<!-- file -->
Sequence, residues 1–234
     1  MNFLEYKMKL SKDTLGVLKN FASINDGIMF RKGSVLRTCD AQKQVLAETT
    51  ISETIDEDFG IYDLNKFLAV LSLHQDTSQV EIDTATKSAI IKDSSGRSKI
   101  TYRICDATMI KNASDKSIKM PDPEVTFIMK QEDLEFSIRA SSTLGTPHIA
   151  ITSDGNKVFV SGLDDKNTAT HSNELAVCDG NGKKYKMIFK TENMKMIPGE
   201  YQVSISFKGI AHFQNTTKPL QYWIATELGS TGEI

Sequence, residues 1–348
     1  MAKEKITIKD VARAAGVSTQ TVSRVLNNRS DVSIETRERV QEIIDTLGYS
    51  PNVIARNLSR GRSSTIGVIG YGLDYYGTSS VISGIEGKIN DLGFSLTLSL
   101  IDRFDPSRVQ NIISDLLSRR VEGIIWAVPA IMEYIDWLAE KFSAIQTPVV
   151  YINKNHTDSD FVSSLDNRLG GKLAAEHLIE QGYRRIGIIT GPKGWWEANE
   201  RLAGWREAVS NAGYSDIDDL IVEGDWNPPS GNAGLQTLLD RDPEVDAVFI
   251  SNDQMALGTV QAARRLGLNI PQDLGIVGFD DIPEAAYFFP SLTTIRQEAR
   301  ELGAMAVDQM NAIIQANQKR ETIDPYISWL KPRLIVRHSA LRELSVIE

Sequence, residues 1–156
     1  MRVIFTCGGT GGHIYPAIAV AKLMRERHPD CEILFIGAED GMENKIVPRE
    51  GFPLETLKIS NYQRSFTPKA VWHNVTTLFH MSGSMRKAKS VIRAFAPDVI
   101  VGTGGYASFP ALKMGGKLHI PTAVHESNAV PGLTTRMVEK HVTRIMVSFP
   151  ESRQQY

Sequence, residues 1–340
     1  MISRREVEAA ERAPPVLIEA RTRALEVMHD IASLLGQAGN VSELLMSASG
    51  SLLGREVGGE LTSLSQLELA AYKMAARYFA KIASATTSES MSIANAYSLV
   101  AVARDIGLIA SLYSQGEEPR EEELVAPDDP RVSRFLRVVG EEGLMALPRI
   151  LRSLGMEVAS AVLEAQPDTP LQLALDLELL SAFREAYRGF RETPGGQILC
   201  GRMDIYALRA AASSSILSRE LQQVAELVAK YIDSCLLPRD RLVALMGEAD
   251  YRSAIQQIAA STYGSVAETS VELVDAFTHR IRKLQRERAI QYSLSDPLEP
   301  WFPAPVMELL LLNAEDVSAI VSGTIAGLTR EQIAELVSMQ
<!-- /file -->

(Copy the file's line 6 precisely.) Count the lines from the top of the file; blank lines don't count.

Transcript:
   201  YQVSISFKGI AHFQNTTKPL QYWIATELGS TGEI